Again, to survive in the desert you need a suit invented by the indigenous population that turns lost liquid into drinking water and thus keeps the person that wears it hydrated, and a single shot of a rat makes us realize this system imitates the way local life forms survive. Inside the palace characters of different orders (some belonging to a sorority with psychic powers) must be distinguished and in both cases the tailoring does wonders to recall and explain; even the fights have unique dynamics as a result of the technologies employed that distinguish parries (blue) from strikes (red), creating colours that explain but also fascinate. There is an assassination attempt on the protagonist (an excellent Timothée Chalamet, who is becoming the face and body of the “gifted, sophisticated and powerful youth” of contemporary cinema) which he manages to avoid by blending into a projected video, a sort of art installation that can be crossed like a hologram that he uses to get information. Nobody explains it, we understand it ourselves. And finally there is the music, by Hans Zimmer, made of deafening noises, as he often does lately, and inspired by the avant-garde, which works well with the booming voices of the thoughts that the characters hear in their heads.

Because young Paul Atreides, the scion of the family, was raised by a mystical mother, he is able to speak with his mind, he is an antenna that receives messages and has premonitory dreams. It is the mystery of the film that keeps you gripped and makes you look forward to the sequel. In addition to the political intrigue, Paul Atreides discovers (through dreams) that something big is about to happen, something that will change everything. That sense of looming menace is all down to the soundtrack, while the fascination with this new planet to Villeneuve’s visual care in creating textures with the dunes, as if the natural fabric had been carved.
There is not a frame of Dune that is lacking design. Design of fabrics or interiors, industrial design of vehicles (designed to be shaped like animals like those in Star Wars, which itself stole so much from the Dune novels) and visual arts design.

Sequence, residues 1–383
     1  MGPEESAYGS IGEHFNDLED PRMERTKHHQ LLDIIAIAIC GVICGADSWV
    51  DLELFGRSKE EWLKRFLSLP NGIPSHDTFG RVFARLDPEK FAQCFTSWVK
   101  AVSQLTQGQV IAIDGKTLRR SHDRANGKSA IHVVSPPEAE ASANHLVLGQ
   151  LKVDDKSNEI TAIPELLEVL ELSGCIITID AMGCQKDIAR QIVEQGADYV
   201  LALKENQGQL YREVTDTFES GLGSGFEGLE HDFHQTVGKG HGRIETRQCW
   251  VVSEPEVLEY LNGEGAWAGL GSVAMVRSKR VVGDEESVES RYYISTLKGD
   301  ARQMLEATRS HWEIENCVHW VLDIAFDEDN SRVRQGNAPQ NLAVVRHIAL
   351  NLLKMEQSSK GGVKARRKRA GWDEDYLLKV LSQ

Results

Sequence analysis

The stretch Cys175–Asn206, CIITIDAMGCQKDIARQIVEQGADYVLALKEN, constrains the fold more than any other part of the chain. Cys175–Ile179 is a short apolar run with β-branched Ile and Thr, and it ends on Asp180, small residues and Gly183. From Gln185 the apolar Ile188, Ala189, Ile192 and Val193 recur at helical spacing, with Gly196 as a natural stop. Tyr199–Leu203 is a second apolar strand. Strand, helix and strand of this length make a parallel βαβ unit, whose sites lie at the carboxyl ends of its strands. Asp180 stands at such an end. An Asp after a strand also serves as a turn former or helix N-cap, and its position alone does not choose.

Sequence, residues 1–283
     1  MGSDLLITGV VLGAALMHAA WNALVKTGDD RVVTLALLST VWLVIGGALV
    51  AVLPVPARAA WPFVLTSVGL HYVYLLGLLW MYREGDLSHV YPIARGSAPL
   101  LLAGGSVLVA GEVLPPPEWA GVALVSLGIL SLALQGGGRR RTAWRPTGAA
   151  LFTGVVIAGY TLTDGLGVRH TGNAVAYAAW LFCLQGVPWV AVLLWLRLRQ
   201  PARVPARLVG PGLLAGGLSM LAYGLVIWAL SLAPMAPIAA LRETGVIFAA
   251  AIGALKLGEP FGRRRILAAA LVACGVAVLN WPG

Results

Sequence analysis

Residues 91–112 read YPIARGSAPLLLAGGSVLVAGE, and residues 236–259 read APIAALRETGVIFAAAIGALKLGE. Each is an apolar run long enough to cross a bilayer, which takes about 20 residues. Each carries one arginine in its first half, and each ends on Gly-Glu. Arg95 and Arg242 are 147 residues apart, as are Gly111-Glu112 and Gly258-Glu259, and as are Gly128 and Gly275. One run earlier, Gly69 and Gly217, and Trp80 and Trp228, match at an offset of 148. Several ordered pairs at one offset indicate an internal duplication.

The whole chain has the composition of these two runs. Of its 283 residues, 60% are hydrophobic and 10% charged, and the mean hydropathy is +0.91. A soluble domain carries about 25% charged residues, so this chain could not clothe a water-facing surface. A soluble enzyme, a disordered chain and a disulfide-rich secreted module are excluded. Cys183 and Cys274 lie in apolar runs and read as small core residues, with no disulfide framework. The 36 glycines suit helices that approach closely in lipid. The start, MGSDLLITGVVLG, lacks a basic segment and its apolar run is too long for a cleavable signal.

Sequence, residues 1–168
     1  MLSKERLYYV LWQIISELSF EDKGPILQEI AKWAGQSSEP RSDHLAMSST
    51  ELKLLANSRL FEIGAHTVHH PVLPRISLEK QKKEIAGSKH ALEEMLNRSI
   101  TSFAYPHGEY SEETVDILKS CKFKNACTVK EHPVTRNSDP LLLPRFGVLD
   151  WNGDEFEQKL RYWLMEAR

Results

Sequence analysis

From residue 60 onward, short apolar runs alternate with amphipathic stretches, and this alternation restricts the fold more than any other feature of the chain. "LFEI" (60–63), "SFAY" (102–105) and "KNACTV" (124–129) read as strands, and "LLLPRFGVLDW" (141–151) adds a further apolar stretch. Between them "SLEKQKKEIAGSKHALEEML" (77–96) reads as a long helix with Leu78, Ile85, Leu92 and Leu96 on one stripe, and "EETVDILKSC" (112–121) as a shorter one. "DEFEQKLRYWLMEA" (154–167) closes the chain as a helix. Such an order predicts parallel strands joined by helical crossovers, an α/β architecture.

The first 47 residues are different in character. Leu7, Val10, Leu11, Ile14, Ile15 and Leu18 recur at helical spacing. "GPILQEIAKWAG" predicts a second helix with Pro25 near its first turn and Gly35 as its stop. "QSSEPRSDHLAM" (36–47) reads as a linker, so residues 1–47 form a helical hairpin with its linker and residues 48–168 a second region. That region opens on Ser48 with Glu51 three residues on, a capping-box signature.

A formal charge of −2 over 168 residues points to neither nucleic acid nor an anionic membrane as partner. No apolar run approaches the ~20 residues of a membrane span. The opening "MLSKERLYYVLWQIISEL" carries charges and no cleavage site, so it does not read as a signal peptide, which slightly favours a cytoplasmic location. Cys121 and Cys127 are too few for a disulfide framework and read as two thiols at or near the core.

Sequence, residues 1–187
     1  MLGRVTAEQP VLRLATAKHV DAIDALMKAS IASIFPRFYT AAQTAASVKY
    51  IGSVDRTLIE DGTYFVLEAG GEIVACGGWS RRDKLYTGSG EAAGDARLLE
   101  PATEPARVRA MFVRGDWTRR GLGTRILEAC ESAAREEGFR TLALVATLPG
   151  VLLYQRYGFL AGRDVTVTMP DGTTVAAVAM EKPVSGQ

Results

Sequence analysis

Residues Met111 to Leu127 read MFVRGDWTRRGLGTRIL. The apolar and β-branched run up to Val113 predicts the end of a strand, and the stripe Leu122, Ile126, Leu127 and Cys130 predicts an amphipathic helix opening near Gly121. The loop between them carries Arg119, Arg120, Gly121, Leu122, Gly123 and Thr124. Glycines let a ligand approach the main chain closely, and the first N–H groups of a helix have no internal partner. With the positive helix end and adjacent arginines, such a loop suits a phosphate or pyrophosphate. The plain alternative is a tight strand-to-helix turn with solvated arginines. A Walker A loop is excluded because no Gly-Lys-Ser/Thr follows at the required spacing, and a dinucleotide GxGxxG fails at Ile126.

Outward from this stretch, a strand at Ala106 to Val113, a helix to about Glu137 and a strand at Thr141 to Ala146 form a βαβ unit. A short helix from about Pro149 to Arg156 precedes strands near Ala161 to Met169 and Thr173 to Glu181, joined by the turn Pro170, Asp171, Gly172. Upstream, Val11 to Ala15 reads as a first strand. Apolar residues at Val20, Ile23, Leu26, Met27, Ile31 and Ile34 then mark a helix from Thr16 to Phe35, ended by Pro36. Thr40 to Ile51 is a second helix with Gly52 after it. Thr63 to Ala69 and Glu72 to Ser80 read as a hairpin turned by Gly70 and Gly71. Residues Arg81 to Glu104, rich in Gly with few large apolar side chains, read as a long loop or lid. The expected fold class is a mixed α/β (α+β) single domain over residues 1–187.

In a film industry overflowing with content, much more than can be seen, Warner Bros. knows that the future lies in the ability to stand out from the crowd, to be recognisable and to rise above the rest of the competition and the conventional. You can do this with a well-known and beloved intellectual property (i.e. with Batman or Lego), you can do it with an incredibly popular actor playing the protagonist but you can do it very well with the audacity of a unique vision as in the case of Dune, which takes everything we know about cinema (and art) to mix it again in a way never seen before and delivers a product like Dune. Familiar to lovers of the genre and spectacular at a Hollywood level, capable of speaking the mainstream language of cinema but with the precision and courage to go a little further than art cinema. 

All images: stillframes from the movie Dune.

Latest on Art

Latest on Domus

Read more
China Germany India Mexico, Central America and Caribbean Sri Lanka Korea icon-camera close icon-comments icon-down-sm icon-download icon-facebook icon-heart icon-heart icon-next-sm icon-next icon-pinterest icon-play icon-plus icon-prev-sm icon-prev Search icon-twitter icon-views icon-instagram